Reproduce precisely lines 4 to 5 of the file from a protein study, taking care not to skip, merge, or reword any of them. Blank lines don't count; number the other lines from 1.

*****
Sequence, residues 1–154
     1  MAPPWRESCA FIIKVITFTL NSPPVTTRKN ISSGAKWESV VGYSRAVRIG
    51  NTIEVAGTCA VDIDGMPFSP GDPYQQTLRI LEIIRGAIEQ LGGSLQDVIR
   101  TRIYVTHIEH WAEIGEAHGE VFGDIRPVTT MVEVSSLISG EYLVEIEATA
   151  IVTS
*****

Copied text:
   101  TRIYVTHIEH WAEIGEAHGE VFGDIRPVTT MVEVSSLISG EYLVEIEATA
   151  IVTS